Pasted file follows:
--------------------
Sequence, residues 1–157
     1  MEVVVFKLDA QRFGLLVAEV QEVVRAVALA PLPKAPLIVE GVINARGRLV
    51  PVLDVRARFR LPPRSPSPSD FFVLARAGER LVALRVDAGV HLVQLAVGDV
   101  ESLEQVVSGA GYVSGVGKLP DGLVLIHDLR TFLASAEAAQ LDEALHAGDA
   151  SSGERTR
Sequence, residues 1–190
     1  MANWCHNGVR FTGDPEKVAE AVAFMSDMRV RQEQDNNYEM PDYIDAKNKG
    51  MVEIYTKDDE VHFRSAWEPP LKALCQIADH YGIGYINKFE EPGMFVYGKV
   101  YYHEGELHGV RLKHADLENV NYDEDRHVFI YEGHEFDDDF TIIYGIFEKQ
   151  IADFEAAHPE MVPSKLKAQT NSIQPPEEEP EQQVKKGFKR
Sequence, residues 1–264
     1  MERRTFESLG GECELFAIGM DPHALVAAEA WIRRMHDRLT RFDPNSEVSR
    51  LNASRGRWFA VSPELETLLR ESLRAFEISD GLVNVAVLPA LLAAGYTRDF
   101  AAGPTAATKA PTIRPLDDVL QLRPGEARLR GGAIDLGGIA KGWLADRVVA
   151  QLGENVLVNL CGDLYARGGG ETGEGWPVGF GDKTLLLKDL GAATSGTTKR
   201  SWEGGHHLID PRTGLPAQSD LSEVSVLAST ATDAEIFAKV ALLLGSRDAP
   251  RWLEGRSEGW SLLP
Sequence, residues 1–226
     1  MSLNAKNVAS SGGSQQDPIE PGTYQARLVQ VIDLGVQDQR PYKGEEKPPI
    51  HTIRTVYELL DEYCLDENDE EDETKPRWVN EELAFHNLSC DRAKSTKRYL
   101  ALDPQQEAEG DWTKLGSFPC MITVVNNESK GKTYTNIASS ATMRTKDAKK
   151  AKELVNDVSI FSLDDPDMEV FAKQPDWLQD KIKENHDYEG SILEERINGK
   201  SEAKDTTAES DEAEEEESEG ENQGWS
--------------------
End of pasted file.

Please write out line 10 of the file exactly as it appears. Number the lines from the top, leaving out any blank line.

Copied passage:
   151  IADFEAAHPE MVPSKLKAQT NSIQPPEEEP EQQVKKGFKR